But the broader issue that you raise is in the shadows here and might come up in the future, fundamentally in terms as a matter of policy and as a matter of First Amendment law we will have to rethink the Buckley framework.
Rosen: David, what do you think about the claim that the Buckley framework should be overturned, and tell us more about whether the Buckley framework rests on an unnecessarily narrow notion of corruption.
Gans: First, I want to point out the claim that Ilya is making which was often made to some extent by the Republican National Committee as well as Senator McConnell is really a radical one that has never been accepted by any court in history. There is no court that has said you have as a matter of the First Amendment’s freedom of speech the right to make unlimited campaign contributions.
And I think that rests on a very common sense view that campaign contributions are a petri dish for corruption. That is something we’ve seen in Watergate which led to the campaign finance laws and we’ve seen that all the way back to the Gilded Age. That has never really been our understanding of freedom of speech. And one of the things that is telling is you didn’t see Justice Scalia or Justice Kennedy offer any understanding why the First Amendment gives that same protection to campaign contributions, never articulated that First Amendment sense. That is something I thought was very much missing. The case was focusing very intensely on corruption.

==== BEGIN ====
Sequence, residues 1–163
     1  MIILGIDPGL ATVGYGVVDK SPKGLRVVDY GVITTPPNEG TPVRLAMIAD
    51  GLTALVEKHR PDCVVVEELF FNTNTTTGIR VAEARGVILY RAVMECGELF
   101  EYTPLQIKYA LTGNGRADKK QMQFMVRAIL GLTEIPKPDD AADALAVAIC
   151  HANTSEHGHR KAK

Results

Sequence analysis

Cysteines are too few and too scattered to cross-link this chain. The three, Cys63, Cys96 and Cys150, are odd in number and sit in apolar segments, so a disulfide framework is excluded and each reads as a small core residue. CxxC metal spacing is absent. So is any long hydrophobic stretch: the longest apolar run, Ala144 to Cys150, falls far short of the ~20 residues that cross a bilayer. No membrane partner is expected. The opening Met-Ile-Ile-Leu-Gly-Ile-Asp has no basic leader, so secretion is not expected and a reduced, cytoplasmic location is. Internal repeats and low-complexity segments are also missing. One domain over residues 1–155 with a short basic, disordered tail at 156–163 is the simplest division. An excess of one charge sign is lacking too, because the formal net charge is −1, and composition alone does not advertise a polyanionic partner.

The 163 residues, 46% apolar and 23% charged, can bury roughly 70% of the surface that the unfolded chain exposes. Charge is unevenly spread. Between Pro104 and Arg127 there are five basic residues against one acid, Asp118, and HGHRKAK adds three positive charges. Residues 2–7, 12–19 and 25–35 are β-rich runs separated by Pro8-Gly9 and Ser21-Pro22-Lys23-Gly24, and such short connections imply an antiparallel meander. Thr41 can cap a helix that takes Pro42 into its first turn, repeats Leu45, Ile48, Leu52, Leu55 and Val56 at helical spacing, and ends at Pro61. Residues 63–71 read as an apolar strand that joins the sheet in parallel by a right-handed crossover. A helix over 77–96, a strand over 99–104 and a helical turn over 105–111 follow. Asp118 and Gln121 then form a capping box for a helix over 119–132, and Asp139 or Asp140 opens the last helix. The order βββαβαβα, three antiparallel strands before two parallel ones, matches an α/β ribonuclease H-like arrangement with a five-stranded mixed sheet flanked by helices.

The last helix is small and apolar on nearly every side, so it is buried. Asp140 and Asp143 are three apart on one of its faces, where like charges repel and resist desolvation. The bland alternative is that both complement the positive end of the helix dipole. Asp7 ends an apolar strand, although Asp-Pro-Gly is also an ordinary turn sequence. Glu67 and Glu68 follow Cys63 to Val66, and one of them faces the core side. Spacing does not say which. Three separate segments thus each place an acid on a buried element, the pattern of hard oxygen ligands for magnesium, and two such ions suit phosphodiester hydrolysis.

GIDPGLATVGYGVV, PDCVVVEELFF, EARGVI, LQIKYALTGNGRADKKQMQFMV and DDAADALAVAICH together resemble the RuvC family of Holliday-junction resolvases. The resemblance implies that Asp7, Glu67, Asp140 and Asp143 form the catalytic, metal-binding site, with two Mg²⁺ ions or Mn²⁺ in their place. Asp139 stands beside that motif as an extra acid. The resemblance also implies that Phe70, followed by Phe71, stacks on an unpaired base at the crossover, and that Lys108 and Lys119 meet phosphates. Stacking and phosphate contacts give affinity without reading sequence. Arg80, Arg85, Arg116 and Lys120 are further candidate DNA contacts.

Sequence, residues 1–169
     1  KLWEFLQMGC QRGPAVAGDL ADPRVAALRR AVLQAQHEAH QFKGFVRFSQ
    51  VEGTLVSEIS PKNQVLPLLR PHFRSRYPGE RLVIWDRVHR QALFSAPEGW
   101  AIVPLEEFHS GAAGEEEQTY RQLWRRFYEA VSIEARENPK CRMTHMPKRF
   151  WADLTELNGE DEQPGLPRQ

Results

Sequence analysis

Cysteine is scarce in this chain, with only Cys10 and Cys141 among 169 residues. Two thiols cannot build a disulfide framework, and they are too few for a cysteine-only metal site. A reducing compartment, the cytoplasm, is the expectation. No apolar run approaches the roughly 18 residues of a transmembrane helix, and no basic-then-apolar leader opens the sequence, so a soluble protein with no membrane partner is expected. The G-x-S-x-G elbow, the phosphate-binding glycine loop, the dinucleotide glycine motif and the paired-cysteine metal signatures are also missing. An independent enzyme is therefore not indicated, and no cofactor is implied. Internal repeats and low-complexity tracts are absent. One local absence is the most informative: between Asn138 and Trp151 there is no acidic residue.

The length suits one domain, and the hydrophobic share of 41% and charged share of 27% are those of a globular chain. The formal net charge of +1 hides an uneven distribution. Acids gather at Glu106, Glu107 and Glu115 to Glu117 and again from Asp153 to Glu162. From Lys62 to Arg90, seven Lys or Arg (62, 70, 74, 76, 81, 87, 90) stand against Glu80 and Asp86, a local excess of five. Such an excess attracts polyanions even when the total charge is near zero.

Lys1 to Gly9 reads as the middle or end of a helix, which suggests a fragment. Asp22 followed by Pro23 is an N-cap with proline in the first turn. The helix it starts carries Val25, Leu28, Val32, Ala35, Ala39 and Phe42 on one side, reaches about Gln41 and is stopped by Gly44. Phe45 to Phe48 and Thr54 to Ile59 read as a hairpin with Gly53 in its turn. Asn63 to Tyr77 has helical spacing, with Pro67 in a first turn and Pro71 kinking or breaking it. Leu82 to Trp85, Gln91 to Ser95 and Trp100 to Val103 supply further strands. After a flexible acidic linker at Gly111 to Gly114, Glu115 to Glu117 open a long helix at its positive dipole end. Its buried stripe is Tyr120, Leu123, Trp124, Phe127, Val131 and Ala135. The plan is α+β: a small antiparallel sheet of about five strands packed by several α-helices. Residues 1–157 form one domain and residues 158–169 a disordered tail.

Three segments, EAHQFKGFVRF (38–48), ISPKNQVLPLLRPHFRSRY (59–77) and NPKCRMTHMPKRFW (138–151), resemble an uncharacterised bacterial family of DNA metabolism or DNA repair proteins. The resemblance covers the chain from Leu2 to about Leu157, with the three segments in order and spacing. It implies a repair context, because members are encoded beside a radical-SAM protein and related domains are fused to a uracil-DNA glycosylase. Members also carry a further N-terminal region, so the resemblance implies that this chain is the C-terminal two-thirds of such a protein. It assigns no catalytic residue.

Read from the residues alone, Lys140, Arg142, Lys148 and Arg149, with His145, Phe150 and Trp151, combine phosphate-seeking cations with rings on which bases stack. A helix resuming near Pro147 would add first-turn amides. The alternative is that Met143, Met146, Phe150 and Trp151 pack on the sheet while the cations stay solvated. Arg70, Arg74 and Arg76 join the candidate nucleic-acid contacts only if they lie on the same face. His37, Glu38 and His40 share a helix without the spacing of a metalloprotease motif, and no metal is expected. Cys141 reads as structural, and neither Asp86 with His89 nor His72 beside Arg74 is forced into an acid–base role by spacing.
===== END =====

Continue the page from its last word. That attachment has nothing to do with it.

I think really the answer the court needs to address is let’s not just make up our own understanding of corruption, let’s look at the Constitution’s text and history. One of the things many people are not very aware of is that framers were very intensely concerned about corruption, and the debates over the Constitution revolved to a great deal over how the government could be created that would prevent corruption.
That was one of the framers' leading concerns, and they created a representative democracy that was by, of, and for the people, as Madison said, not for the rich, more than for the poor, and they were concerned that the government could be corrupted by improper dependence on the few. That might be foreign patrons, that might be local factions. I think that the great concern about McCutcheon is you strike down these aggregate limits and you open the door to multimillion dollar contributions. As General Verrilli pointed out, these limits are a bulwark against a system in which donors can cut multimillion dollar checks. The court upheld these aggregate limits in Buckley and they should do so here as well.